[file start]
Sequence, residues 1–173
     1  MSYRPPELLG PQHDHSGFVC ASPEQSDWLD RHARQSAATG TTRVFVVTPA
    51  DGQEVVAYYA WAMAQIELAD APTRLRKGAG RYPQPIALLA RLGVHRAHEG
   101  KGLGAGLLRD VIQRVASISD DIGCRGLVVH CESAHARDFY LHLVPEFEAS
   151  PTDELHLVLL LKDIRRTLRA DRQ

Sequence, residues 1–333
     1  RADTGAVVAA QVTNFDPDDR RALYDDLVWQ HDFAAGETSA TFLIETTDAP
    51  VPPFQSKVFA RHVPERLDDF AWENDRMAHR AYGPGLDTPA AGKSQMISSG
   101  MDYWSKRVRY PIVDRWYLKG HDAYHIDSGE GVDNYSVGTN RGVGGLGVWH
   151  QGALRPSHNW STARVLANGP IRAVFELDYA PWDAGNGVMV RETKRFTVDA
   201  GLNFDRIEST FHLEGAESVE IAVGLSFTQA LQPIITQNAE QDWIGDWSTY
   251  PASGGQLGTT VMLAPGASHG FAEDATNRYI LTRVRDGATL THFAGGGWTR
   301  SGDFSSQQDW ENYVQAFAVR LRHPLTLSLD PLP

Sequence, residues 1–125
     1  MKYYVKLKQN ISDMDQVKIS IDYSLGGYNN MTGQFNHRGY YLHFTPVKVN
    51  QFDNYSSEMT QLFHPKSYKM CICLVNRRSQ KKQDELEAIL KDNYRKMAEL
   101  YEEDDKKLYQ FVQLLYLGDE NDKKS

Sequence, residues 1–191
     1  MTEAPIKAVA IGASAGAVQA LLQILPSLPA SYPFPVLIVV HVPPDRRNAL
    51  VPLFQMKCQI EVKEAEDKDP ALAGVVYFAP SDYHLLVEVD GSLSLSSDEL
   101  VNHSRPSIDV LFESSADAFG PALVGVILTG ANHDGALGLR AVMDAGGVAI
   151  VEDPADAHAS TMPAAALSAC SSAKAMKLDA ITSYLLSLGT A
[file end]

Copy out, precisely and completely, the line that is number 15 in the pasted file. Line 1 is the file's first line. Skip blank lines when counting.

     1  MKYYVKLKQN ISDMDQVKIS IDYSLGGYNN MTGQFNHRGY YLHFTPVKVN